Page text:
Then this, referring to American fiction on the matter: once again, that no one knows for sure what will happen.
The entire paragraph, which I will not post, is basically him denigrating works of fiction for being… fiction!
They are, by virtue of being FICTION, invented whole-cloth from the imagination of the author and are not factual. And in no way should be taken as gospel or indicative of what WILL happen during a full-on collapse in a modern, 1st world nation like These United States. We do, of course, have evidence to draw upon from history – Weimar Republic Germany, Zimbabwe, Russia, Argentina, Greece, etc… instead of pooh-poohing works of fiction, his efforts might be better spent by going to these countries and interviewing people who actually lived through the collapses. To my knowledge, it would be a work unique in the world.
Then he takes the Dunning Kruger Effect (the non-polite version is “You’re so stupid, you don’t know you’re stupid”) and, using that, sets up straw man after straw man to backstop his argument. The very fact that he is portraying himself as some sort of “expert” while citing the Dunning Kruger Effect – without grasping the irony – makes his comments borderline hilarious.
That’s the end of my sharpshooting this guy..
Do I know everything? Nope. Not even everything I should to survive, should something catastrophic happen. I know what I don’t know, in other words.
But what I do know, I know very, very well…
The wicked flee when none pursueth..." - Proverbs 28:1March 28, 2015 at 5:33 pm #39468
Preppers are also fixated with the concept of the .22 ammo . Why ? they suck . I dont own one and dont plan to . Nothing my shotgun , AK , or pellet gun cant do just as good or better . As far as the concept of a hand to mouth scrounging for materials mentality goes ………..then a pellet gun makes even more sense , as you could easily make a gang mold and melt the lead like they did in the colonial time . But again , will it really come down to that ?
In the bigger picture of a collapse , another important lesson from the USSR collapse we can take some comfort in is the fact that , when that happened , the world was understandably worried about their vast nuclear arsenal . Yes there are a few warheads , that to this day are unaccounted for , but by in large , the people running those places , and in control of them were responsible enough to make sure they didnt move until there was a central government in place to take possession of them . I believe that this country would be no different . The people in charge of certain things do understand the gravity and importance of keeping things out of the wrong hands , and will take steps on their own initiative to do so . I believe that will absolutely happen here .March 28, 2015 at 6:17 pm #39470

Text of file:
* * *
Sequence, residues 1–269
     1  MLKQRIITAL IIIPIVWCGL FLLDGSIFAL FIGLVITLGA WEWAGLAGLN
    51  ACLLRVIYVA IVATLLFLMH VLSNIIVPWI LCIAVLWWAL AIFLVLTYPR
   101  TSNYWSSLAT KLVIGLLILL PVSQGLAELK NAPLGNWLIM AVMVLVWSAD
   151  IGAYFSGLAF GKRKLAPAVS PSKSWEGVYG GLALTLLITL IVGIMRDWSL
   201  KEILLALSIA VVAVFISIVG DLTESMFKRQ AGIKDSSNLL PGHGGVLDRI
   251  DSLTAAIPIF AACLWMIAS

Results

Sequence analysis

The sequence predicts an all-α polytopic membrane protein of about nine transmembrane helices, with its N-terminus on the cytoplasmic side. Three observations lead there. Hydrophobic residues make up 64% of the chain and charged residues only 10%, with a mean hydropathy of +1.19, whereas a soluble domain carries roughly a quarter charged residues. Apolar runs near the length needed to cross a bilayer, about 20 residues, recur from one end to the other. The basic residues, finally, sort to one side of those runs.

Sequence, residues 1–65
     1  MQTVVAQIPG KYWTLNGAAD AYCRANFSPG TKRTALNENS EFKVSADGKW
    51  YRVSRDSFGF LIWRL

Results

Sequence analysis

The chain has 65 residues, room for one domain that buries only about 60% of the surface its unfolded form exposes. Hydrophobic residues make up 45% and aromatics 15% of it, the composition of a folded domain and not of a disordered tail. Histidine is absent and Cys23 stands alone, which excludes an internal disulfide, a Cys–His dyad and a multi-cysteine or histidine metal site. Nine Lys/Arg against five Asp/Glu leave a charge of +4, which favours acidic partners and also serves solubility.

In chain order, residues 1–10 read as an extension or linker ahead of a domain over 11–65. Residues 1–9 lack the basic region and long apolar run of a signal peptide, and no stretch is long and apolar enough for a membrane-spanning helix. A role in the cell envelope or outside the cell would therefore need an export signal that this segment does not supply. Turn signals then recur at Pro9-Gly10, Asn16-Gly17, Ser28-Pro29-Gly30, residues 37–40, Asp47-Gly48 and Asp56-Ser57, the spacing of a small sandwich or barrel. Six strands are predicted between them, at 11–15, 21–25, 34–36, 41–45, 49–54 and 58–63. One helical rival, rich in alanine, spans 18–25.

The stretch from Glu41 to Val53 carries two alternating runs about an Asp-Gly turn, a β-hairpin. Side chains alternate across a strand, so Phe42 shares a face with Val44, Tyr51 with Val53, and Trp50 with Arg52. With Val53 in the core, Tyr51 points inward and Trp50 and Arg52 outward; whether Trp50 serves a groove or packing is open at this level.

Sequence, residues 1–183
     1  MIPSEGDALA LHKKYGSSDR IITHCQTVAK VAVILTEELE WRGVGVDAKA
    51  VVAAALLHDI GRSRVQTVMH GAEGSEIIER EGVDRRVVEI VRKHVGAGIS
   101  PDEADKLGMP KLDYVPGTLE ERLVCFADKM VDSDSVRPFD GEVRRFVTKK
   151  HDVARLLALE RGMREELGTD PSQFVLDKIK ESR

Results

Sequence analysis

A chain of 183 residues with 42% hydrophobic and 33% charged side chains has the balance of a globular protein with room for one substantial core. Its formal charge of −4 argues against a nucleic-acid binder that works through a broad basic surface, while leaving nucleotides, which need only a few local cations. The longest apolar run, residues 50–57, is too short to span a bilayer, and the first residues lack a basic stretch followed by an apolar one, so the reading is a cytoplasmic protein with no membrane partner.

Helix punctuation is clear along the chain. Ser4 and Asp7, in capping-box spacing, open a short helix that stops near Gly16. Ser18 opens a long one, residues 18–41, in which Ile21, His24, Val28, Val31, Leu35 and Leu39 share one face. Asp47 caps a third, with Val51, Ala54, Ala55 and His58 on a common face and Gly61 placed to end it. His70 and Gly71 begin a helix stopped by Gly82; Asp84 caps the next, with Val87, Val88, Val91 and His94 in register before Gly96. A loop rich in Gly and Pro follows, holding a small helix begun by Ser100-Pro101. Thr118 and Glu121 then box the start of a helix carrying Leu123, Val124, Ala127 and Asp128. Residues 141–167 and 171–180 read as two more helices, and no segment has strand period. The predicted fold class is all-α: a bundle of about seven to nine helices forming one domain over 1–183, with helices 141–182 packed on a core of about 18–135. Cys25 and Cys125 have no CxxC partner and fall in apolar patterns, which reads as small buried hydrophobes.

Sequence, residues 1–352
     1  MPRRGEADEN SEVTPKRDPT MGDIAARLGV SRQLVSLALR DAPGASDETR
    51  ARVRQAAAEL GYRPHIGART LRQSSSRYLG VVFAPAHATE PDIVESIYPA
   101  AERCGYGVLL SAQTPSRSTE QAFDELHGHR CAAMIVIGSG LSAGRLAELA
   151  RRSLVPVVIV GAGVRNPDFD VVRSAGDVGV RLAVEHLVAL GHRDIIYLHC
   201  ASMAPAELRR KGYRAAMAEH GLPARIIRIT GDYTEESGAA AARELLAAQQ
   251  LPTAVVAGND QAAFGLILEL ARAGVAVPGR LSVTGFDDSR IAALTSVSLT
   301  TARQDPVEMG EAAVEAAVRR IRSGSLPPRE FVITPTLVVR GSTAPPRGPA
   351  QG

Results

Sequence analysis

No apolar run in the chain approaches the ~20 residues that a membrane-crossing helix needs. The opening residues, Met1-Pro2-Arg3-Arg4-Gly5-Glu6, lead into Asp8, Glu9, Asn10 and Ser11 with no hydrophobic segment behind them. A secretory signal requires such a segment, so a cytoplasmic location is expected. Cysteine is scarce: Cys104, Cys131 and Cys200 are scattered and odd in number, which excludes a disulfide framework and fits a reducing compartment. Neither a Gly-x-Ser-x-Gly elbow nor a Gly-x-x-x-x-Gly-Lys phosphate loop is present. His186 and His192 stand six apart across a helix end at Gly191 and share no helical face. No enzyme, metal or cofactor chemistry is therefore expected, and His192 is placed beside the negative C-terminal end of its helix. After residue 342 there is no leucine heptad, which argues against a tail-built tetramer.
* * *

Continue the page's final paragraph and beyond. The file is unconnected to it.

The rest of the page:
As with anything, guns are a toolbox.
The .22lr has uses. The first being a training device. The S&W K22, an L-frame and an N-frame all have pretty much the same controls and sights, so a n00b shooter won’t be confused by different controls when they step up in power…
The second thing is that .22lr ammo is everywhere. That being said, it is also very easy to suppress a .22lr. Contrary to what folks think, a suppressed .22 – either rifle or pistol (not revolver. You can’t really suppress a revolver) – has plenty of uses in the world.
I wouldn’t rely so much on an air rifle or pistol. Either because they require a separate compressed CO2 capsule – which may or may not be available – or rely on springs and valving that are subject to deterioration, and I don’t know of anyone doing repair work on them. Myself included. It is also fairly easy to knock together a working single shot .22 out of junk found in the average garage or scrounged up wherever. Not too sure about pneumatic guns, since I have never built any…
Feeding pneumatic rifles or pistols won’t really be a problem… I think maintaining them over the long haul would be a problem.
Plus, anyone who pooh-poohs being shot with a .22lr – especially one of the truncated hollowpoints – probably has never been shot by one or seen anyone shot with one. They go in and bounce all over the place. Personally, I’d rather be shot with a .32 ACP or a .25 than a .22lr…
Not sharpshooting ya… just offering my humble opinion. For what it’s worth…
The wicked flee when none pursueth..." - Proverbs 28:1